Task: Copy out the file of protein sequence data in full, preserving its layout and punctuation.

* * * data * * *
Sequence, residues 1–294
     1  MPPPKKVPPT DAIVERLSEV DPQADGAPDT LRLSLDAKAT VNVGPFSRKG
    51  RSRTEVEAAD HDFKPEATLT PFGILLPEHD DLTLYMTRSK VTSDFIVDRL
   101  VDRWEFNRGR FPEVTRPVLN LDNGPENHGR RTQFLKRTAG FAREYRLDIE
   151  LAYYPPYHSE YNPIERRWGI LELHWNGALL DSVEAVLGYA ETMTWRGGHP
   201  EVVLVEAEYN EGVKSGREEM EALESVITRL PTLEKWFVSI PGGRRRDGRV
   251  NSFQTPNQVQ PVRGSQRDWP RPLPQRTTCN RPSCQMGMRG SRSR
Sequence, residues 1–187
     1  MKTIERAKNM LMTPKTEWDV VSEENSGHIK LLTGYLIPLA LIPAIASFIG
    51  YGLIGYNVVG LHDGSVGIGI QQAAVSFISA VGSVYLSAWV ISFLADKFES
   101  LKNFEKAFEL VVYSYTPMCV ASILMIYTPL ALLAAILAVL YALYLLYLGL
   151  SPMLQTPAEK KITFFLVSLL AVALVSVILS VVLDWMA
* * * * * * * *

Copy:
Sequence, residues 1–294
     1  MPPPKKVPPT DAIVERLSEV DPQADGAPDT LRLSLDAKAT VNVGPFSRKG
    51  RSRTEVEAAD HDFKPEATLT PFGILLPEHD DLTLYMTRSK VTSDFIVDRL
   101  VDRWEFNRGR FPEVTRPVLN LDNGPENHGR RTQFLKRTAG FAREYRLDIE
   151  LAYYPPYHSE YNPIERRWGI LELHWNGALL DSVEAVLGYA ETMTWRGGHP
   201  EVVLVEAEYN EGVKSGREEM EALESVITRL PTLEKWFVSI PGGRRRDGRV
   251  NSFQTPNQVQ PVRGSQRDWP RPLPQRTTCN RPSCQMGMRG SRSR
Sequence, residues 1–187
     1  MKTIERAKNM LMTPKTEWDV VSEENSGHIK LLTGYLIPLA LIPAIASFIG
    51  YGLIGYNVVG LHDGSVGIGI QQAAVSFISA VGSVYLSAWV ISFLADKFES
   101  LKNFEKAFEL VVYSYTPMCV ASILMIYTPL ALLAAILAVL YALYLLYLGL
   151  SPMLQTPAEK KITFFLVSLL AVALVSVILS VVLDWMA